TABLE 5Association of CPT1A SNPs with obesity phenotypes
      Obesity Measures
      SNPBMIPBFHCThCWC
      rs22789080.51370.40060.01790.00240.5103
      (β= 0.4, SE = 0.6)(β= 0.4, SE = 0.5)(β= 1.4, SE = 0.6)(β= 2.1, SE = 0.7)(β= 0.5, SE = 0.8)
      rs22789070.37780.43390.00570.00020.6956
      (β= 0.4, SE = 0.42)(β= 0.3, SE = 0.4)(β= 1.2, SE = 0.4)(β= 1.9, SE = 0.5)(β= 0.2, SE = 0.5)
      rs30195980.76910.69300.05780.00890.9006
      (β= 0.2, SE = 0.6)(β= 0.2,SE = 0.5)(β= 1.1, SE = 0.6)(β= 1.9, SE = 0.7)(β= 0.1, SE = 0.8)
      P479L (rs80356779)0.00210.0007<0.0001<0.00010.0006
      (β= 0.7, SE = 0.2)(β= 0.7, SE = 0.2)(β= 0.9, SE = 0.2)(β= 1.2, SE = 0.3)(β= 1.0, SE = 0.3)
      rs23055080.71080.63260.76040.17010.4912
      (β=−0.1, SE = 0.2)(β=−0.1, SE = 0.2)(β= 0.1, SE = 0.2)(β= 0.3, SE = 0.2)(β=−0.2, SE = 0.2)
      rs49302480.23690.18740.01910.00420.1503
      (β= 0.4, SE = 0.4)(β= 0.4, SE = 0.3)(β= 0.9, SE = 0.4)(β= 1.3, SE = 0.5)(β= 0.7, SE = 0.5)
      rs37940200.43860.22760.38970.87630.1390
      (β=−0.2, SE = 0.2)(β=−0.2, SE = 0.2)(β=−0.2, SE = 0.2)(β= 0.0, SE = 0.2)(β=−0.4, SE = 0.3)
      rs112283720.02770.02440.00340.00110.0294
      (β= 0.7, SE = 0.3)(β= 0.6, SE = 0.3)(β= 0.9, SE = 0.3)(β= 1.3, SE = 0.4)(β= 0.9, SE = 0.4)
      rs112283730.16050.25170.00630.00060.1095
      (β= 0.4, SE = 0.3)(β= 0.3, SE = 0.2)(β= 0.7, SE = 0.3)(β= 1.1, SE = 0.3)(β= 0.5, SE = 0.3)
      rs30195940.02940.03120.0005<0.00010.0154
      (β= 0.6, SE = 0.3)(β= 0.5, SE = 0.2)(β= 0.9, SE = 0.3)(β= 1.3, SE = 0.3)(β= 0.8, SE = 0.3)
      rs5973160.33420.60790.07310.01610.2518
      (β= 0.6, SE = 0.6)(β= 0.3, SE = 0.5)(β= 1.1, SE = 0.6)(β= 1.8, SE = 0.7)(β= 0.9, SE = 0.8)
      Association of CPT1A SNPs in a linear regression model adjusted for age, sex, community membership, and n-3 PUFA intake. Estimates of effect size (β) are reported using transformed phenotypes. Results are significant at P < 0.0063 (highlighted in bold). Multiple-test correction for eight tests for a phenotype was estimated using the spectral decomposition of LD matrix (
      • Nyholt D.R.
      A simple correction for multiple testing for single-nucleotide polymorphisms in linkage disequilibrium with each other.
      ).
      The P479L SNP and rs3019594 (r2= 0.61 between these SNPs) were SNPs most significantly associated with both thigh circumference and hip circumference (P < 0.0001 and P = 0.0034, respectively). The P479L SNP was the only SNP associated with all obesity measures, which included BMI (P = 0.0021, β= 0.7, SE = 0.2), percentage body fat (P = 0.0007, β= 0.0007, SE = 0.2), hip circumference (P < 0.0001, β= 0.9, SE = 0.2), thigh circumference (P < 0.0001, β= 1.2, SE = 0.3), and waist circumference (WC; P = 0.0006, β= 1.0, SE = 0.3). Individuals homozygous for the common P479L allele (L479) had a lower percentage body fat, smaller BMI, and reduced thigh, hip, and waist circumferences compared with P479 homozygotes (Table 6).
      TABLE 6Obesity-related trait distribution within P479L (rs80356779) genotypes in Yup'ik Eskimos people
      Obesity MeasuresL479/L479L479/P479P479/P479P
       BMI (kg/m)26.2 (24.4–28.1)28.0 (25.3–31.3)31.1 (26.2–37.8)0.0021
       Percentage body fat (%)27.8 (24.9–30.7)30.0 (25.8–34.3)33.7 (26.8–41.0)0.0007
       Waist circumference (cm)87.1 (82.7–91.9)91.9 (85.2–99.8)100.4 (88.1–116.4)0.0006
       Hip circumference (cm)98.2 (95.1–101.7)101.6 (96.8–107.3)106.6 (98.0–118.2)<0.0001
       Thigh circumference (cm)49.8 (48.0–51.7)53.4 (50.6–56.4)57.9 (52.9–63.5)<0.0001
      Lipid MeasuresL479/L479L479/P479P479/P479P
       Cholesterol (mg/dl)211.0 (197.4–225.6)199.6 (181.6–219.8)193.9 (166.5–266.8)0.0834
       HDL (mg/dl)58.3 (53.3–64.1)53.3 (47.2–60.6)49.6 (41.1–60.7)0.0001
       Apolipoprotein A-I (mg/dl)164.2 (155.2–173.9)156.1 (144.2–169.1)150.1 (132.4–170.5)0.0077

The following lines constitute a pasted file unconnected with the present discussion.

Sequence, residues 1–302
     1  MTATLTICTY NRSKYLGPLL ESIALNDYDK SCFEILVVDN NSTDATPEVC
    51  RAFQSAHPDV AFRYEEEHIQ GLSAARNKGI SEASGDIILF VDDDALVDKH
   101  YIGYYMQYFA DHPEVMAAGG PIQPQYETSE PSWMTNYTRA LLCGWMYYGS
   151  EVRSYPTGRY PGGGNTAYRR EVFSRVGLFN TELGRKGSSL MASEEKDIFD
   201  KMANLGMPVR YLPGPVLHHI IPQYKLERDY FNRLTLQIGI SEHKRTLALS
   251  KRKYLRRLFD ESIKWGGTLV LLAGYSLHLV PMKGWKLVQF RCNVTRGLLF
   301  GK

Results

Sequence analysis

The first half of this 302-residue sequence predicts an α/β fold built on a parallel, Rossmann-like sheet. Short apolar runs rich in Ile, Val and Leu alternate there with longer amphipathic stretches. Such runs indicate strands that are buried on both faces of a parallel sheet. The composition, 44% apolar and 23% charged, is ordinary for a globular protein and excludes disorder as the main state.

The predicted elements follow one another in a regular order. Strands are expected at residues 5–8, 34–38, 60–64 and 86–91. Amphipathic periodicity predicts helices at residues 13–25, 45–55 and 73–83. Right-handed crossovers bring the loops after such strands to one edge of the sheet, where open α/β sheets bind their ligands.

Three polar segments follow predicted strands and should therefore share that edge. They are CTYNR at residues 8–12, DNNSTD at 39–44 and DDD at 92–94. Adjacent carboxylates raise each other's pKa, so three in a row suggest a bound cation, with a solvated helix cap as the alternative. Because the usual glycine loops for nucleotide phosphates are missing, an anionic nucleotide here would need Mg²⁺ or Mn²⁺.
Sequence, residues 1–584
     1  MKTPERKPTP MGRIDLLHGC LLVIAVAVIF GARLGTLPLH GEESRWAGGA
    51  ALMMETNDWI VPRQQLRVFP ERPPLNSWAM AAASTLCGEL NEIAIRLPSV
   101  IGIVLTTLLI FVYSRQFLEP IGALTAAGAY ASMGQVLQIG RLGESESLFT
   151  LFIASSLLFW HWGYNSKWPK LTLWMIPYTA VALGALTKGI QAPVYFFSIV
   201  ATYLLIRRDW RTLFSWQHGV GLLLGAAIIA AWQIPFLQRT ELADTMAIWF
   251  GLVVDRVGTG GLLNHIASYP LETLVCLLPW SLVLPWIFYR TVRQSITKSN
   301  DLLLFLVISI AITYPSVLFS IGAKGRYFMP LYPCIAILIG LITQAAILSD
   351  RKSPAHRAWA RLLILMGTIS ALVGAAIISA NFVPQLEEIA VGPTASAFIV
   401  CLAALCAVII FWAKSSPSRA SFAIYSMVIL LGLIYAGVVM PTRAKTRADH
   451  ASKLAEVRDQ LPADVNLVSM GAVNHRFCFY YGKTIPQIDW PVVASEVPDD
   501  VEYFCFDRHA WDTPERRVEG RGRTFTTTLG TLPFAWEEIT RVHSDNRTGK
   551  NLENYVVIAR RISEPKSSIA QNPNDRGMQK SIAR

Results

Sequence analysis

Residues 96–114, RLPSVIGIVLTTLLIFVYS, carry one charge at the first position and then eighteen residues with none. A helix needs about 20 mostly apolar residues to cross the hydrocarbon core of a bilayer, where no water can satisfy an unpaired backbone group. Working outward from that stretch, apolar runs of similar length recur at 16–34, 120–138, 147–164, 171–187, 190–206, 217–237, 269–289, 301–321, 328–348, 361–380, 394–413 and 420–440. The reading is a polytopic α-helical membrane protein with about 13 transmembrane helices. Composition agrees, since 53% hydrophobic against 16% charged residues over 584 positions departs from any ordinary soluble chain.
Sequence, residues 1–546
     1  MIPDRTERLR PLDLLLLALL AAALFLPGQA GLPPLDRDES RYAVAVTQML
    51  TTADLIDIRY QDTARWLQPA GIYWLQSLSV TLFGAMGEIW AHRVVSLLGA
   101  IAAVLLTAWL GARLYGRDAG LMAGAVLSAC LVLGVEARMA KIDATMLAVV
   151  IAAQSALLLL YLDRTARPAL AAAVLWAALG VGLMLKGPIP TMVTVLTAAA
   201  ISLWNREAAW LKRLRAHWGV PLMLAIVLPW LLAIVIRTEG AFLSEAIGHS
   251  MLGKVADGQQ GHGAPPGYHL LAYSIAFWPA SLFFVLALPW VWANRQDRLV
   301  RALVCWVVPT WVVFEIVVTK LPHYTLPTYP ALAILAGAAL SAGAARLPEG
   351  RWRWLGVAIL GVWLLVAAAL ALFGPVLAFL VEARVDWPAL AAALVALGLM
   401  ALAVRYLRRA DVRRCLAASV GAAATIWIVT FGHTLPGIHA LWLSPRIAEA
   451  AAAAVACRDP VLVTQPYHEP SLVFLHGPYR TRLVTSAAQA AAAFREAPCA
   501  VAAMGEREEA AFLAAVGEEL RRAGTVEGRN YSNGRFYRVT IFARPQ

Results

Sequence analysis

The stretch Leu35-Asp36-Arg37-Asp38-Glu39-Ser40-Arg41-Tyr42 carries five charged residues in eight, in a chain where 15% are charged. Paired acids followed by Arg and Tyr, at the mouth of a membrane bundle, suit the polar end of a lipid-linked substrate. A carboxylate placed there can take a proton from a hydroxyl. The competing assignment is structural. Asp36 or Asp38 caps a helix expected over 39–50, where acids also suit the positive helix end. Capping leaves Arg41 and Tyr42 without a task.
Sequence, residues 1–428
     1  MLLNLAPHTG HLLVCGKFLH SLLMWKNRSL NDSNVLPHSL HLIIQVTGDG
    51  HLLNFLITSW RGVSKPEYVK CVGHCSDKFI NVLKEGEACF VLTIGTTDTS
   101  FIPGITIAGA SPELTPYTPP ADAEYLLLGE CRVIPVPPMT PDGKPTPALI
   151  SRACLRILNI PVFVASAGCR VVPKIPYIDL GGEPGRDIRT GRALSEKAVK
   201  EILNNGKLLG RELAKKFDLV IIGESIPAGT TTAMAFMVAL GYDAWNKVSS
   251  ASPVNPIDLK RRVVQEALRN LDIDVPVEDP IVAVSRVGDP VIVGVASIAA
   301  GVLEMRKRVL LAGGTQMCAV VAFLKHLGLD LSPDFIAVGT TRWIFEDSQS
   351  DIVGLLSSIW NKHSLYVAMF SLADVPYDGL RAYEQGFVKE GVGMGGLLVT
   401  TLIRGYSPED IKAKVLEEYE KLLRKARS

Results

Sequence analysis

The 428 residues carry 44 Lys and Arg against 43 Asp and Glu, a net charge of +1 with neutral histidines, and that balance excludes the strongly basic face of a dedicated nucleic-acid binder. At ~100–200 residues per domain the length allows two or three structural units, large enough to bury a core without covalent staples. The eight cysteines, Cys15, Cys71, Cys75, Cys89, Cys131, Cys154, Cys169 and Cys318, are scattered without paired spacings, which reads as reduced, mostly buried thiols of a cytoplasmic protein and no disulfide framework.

LDL (mg/dl)134.6 (122.4–147.8)128.1 (111.6–146.4)125.0 (99.7–155.1)0.6629
       VLDL (mg/dl)15.1 (12.9–18.0)15.8 (12.5–20.4)17.2 (11.8–26.9)0.6355
       Triglyceride (mg/dl)71.7 (61.7–84.2)75.4 (60.9–95.5)83.0 (58.6–125.1)0.1407
      Values are reported as predicted mean (95% CI) obtained from ASSOC output. Association of the P479L (L479>P479) minor allele in the linear regression model adjusted for age, sex, community membership, and n-3 PUFA intake. Results are significant at P < 0.0063 (highlighted in bold). Multiple-test correction for eight tests for a phenotype was estimated using the spectral decomposition of LD matrix (
      • Nyholt D.R.
      A simple correction for multiple testing for single-nucleotide polymorphisms in linkage disequilibrium with each other.
      ).

      DISCUSSION

      CPT1A has been implicated as candidate obesity gene in a meta-analysis of whole-genome linkage studies (
      • Saunders C.L.
      • Chiodini B.D.
      • Sham P.
      • Lewis C.M.
      • Abkevich V.
      • Adeyemo A.A.
      • de Andrade M.
      • Arya R.
      • Berenson G.S.
      • Blangero J.
      • et al.
      Meta-analysis of genome-wide linkage studies in BMI and obesity.
      ); however, the contribution of CPT1A polymorphisms to variation in the metabolic consequences of obesity and obesity phenotypes remains unclear. Our results demonstrate that CPT1A polymorphisms are associated with obesity and fasting lipid phenotypes in this Yup'ik Eskimo study population and may influence the “healthy obesity” phenotype. Specifically, the P479L SNP was associated with all measures of body composition (BMI, PBF, HC, ThC, and WC) and fasting HDL-cholesterol levels. We found that individuals homozygous for the major L479 allele of the P479L variant had reduced body fat and central adiposity relative to individuals homozygous for the minor P479 allele. These data indicate that individuals carrying both copies of the L479 allele of the nonsynonomous P479L variant in CPT1A have reduced adiposity and elevated HDL-cholesterol, even after controlling for BMI. Interestingly, when we investigated whether the P479L association with HDL was mediated by other obesity phenotypes, we found the L479 allele was still significantly associated with HDL-cholesterol after correction for either PBF or WC (data not shown). We hypothesize that the L479 allele may contribute to “healthy obesity” observed in Yup'ik Eskimo people by modulating hepatic lipid oxidation.